NEC Corp, leading Japanese electronics manufacturer, attracted cynosure of all eyes by testing a large drone-like “flying car,” with four propellers that hovered steadily for about a minute.
Accordng to the company officials, the test flight during its two test flights touched around 10 feet high at NEC testing site located in the company’s plant in Abiko, a suburb of Tokyo. The flying machine, powered by battery, looked like a large drone with four propellers which can carry people.
The test happened with the support of Japanese government in its effort to transport citizens using it by 2030s. Earlier, the Japanese government conducted such tests in Fukushima, northeastern part of Japan. It is also holding such test in Mie prefecture.
The flying car is supported by four propellers and carry people. The demo happened without carrying people. The flying car is about 3.9 meters long, 3.7 meters wide and 1.3 meters tall, and weighs about 150 kilograms. According company sources, the test happened in a large 10-meter-by-20-meter cage so that the machine doesn’t fly out of control and injure anybody.
Japanese flying car startup Cartivator Chief Executive Tomohiro Fukuzawa also participated at the demonstration. Even though Cartivator’s test flight in 2017 met with crash Tomohiro Fukuzawa is hopeful that the current demonstration will make flying cars a reality.
NEC flying macine project leader Kouji Okada said Japan is a densely populated country and that means flying cars could greatly alleviate the burden on road traffic. “We are positioning ourselves as an enabler for air mobility, providing location data and building communications infrastructure for flying cars,” said Kouji Okada.
Backed by its venture capital support, Japan is expecting that its engineering capability will help growing flying car community to make the mission a reality.
According to sources, the demo is major step in NEC’s game plan to get into flying car manufacturing along with its partner Cartivator. “While NEC will give all technical support, Cartivator will mass produce the flying car starting from 2026,” said a Japanese analyst to NFAPost.
Besides NEC, Government of Japan and Cartivator, the project more than 80 sponsor companies, which include Toyota Motor Corp, its group companies and video game company Bandai Namco Holdings.
India is also catching up with its dream of coming up with flying machines of different formats for transportation. The government has authorised National Aeronautics laboratory to come up with plan first transportation aircraft. There are are also few startups who are actively working on drone project for various purposes like urban mapping, disaster management, medical and health infrastructure, and agriculture.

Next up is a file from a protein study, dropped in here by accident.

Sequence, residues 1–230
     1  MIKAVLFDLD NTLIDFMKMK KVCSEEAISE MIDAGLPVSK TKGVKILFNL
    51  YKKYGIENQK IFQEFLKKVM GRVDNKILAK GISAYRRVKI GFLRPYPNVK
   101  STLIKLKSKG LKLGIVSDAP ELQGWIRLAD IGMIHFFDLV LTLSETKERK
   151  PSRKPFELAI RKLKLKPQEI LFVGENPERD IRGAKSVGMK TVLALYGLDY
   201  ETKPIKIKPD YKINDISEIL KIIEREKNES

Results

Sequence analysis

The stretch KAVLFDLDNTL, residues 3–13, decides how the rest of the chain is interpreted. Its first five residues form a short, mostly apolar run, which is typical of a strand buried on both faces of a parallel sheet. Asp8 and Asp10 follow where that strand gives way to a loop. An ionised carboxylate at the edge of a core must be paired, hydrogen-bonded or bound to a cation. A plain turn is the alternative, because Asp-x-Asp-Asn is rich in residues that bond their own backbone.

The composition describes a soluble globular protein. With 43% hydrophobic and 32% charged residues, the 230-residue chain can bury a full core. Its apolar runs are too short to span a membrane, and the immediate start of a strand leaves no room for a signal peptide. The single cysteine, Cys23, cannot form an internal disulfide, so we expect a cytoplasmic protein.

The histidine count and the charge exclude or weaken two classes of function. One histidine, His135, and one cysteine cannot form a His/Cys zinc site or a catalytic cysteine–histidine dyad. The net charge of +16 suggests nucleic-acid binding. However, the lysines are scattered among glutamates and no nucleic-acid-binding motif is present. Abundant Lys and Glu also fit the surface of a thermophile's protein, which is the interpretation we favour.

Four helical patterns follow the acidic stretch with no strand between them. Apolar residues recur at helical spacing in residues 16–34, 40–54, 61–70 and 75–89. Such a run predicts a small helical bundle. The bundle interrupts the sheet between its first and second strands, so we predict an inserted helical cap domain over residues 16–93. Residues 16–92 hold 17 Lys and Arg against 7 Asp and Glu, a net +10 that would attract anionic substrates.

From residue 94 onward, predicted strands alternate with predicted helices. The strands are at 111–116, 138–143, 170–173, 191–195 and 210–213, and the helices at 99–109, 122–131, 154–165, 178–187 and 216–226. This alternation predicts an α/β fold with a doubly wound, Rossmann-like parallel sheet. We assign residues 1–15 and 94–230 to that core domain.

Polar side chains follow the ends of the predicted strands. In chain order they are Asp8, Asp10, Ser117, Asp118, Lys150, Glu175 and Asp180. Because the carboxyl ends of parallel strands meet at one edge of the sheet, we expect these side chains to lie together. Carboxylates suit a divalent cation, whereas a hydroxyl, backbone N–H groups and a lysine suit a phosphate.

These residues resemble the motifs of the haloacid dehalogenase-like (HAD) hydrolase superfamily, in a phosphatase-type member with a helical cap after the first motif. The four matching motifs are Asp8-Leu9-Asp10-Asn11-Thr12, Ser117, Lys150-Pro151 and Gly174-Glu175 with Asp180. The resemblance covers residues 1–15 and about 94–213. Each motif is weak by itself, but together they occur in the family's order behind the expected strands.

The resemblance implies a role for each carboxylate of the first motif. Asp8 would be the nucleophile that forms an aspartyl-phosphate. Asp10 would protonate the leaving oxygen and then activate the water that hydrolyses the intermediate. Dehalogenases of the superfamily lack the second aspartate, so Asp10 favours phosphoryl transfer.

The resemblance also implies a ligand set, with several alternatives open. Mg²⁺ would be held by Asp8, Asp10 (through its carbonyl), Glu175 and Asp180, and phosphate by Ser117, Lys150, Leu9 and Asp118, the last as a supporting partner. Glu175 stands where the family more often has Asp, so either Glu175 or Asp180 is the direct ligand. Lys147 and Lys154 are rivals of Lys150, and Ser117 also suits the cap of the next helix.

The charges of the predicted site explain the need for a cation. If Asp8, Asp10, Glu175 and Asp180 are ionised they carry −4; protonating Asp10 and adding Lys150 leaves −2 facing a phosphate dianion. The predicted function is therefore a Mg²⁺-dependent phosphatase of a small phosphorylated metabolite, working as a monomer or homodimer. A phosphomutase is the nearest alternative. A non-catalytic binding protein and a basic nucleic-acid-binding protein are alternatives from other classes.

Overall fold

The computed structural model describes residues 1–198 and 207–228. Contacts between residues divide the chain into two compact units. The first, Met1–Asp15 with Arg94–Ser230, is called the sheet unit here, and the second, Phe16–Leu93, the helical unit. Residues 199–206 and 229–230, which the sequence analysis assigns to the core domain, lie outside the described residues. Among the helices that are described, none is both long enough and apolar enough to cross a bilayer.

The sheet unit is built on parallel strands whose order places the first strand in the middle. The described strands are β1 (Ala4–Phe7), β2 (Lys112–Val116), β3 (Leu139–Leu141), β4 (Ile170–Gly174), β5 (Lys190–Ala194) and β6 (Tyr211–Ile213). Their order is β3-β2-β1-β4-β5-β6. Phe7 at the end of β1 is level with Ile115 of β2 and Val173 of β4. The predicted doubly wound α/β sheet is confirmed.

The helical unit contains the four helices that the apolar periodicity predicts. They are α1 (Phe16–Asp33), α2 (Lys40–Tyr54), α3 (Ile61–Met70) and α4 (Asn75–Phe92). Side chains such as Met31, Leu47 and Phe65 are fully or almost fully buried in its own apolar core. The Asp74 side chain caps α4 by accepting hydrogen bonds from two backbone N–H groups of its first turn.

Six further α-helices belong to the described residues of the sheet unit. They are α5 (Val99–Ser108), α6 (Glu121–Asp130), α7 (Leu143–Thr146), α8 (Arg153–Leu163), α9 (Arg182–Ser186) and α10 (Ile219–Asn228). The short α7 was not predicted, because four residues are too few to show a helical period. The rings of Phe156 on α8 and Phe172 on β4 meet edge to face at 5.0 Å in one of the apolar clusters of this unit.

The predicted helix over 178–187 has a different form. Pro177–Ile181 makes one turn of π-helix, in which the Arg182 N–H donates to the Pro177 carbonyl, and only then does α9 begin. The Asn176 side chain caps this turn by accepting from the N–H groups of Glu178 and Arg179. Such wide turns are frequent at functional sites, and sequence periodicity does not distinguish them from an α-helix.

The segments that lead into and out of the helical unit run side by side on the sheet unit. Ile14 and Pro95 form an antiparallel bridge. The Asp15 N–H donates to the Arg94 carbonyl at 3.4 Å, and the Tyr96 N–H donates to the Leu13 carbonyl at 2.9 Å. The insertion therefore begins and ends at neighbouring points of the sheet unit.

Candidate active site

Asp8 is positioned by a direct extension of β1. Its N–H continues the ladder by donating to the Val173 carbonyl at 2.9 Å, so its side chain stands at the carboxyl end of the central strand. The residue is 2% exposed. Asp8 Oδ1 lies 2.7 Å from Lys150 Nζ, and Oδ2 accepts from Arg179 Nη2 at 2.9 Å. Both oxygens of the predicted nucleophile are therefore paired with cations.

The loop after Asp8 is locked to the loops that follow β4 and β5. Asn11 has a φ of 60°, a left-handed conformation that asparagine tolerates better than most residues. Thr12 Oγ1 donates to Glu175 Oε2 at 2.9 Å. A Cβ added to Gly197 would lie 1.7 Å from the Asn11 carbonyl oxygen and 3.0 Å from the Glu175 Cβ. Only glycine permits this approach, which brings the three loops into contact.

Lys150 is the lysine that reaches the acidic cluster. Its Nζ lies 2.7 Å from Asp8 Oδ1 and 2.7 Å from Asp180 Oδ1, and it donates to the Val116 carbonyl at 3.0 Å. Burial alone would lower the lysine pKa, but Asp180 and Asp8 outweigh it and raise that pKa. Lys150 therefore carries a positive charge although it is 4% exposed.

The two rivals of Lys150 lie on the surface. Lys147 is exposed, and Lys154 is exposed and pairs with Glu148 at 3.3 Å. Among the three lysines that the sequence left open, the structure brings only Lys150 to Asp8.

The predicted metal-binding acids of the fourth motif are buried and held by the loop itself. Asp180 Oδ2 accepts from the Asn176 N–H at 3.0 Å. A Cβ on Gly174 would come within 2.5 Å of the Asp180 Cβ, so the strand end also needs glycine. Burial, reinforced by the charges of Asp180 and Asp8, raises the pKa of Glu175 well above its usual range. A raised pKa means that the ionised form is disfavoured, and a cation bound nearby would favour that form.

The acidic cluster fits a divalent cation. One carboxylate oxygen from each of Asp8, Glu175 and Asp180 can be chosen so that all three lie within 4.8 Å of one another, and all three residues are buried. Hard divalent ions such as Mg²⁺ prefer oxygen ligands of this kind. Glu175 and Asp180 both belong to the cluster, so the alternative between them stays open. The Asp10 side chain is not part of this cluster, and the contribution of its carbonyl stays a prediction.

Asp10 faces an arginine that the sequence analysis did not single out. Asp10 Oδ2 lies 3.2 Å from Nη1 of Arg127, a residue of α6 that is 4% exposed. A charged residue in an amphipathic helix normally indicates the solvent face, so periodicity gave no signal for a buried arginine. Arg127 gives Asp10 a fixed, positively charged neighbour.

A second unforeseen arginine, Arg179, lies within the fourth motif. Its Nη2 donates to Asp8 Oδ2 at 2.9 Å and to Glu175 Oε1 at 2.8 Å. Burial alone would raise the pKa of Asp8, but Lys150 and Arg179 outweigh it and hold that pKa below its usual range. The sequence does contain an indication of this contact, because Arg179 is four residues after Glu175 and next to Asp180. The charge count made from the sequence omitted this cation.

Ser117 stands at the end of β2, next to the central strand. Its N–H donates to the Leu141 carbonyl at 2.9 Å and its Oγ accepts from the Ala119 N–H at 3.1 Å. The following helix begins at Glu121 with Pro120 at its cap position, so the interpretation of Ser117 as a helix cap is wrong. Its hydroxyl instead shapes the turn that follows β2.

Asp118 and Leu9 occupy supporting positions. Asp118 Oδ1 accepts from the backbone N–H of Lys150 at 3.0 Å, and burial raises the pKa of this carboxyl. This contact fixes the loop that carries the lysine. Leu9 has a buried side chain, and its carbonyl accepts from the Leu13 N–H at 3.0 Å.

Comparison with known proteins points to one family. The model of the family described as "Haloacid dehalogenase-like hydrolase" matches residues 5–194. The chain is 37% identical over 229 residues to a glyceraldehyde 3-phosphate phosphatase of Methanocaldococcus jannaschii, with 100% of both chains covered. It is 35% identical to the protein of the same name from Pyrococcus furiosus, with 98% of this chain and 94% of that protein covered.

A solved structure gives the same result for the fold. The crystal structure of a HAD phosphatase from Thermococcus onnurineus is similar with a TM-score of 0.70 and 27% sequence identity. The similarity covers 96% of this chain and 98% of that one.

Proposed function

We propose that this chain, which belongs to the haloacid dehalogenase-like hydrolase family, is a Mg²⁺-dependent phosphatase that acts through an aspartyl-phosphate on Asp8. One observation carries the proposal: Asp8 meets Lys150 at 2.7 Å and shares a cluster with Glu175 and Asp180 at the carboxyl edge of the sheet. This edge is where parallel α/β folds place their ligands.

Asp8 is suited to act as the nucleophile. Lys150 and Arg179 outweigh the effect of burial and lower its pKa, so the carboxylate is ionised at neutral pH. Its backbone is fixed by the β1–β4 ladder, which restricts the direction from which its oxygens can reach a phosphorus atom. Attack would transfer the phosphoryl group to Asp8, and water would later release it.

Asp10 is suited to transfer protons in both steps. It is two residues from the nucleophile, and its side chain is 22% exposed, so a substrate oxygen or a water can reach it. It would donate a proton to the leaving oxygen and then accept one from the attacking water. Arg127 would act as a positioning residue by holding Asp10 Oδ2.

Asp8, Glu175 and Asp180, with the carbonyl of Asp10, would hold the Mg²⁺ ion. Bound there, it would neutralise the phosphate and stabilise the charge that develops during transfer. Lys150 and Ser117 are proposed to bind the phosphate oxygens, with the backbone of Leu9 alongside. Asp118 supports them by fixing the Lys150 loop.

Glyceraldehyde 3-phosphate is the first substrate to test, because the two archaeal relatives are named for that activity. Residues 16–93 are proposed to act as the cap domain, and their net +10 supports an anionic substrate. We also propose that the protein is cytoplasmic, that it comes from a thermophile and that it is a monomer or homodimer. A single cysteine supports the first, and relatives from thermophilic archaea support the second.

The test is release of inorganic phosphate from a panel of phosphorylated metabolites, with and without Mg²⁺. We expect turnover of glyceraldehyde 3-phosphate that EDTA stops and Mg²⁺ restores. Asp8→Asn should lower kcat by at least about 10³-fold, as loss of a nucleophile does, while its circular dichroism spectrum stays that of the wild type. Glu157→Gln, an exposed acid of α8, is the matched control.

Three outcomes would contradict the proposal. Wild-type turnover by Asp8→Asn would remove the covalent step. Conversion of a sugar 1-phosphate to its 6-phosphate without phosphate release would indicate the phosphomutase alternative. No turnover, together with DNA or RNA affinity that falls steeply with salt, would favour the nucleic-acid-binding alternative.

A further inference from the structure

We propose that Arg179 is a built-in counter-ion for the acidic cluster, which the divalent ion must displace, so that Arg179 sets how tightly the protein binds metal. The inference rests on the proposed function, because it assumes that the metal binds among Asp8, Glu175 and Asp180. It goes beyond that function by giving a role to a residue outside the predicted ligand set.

Directorate General of Civil Aviation (DGCA) has come up with a drone policy which nurtures India ‘s ambition to become a hub of these flying machines research and development with the support of academia and startup. India has come up with drone regulations for tech evolution in the space. It also envisions the functioning of a Digital Sky platform to track drones in real time. It is more advanced compared with the United States’ UTM (unmanned aircraft traffic management system).
Speaking to NFAPost, Omnipresent Robot Tech Founder Akash Sinha said India should have a game plan to get along with the technological innovation happening on new mode of mobility using flying machine. “It is really cost intensive and we need government participation. We have a bubbling ecosystem in the aerospace and we are behind to none as the availability of human our talent is a differential we can bring in,” he said.
Telengana Government is going ahead with more proactive engagement in space as they its Emerging Technology Department has approached DGCA to make the new drone policy much more conducive for innovation in the country. One of another bottleneck India is facing is that the current regulation is not allowing foreign nationals to fly drones in India. “As per the rule, if a foreign national wants to use drone they will have to lease the drone to an Indian entity who in turn will have to obtain a UIN and Unmanned Aircraft Operator Permit from the DGCA. It is high time that we should change the policy hurdles to compete globally,” said an analyst.
Indian policy makers will have to come up with more aggressive plans to take our new flying mobility technology initiatives more investor friendly and globally competitive. Sources also said the government is planning to come up with drone regulations 2.0 late in 2019.As part of this it has invited the Directorate General of Civil Aviation, Defence Research and Development Organisation (DRDO), Airport Authorities of India (AAI), National Security Guard, Central Industrial Security Force (CISF) and other industry bodies and private players to come up with new measures.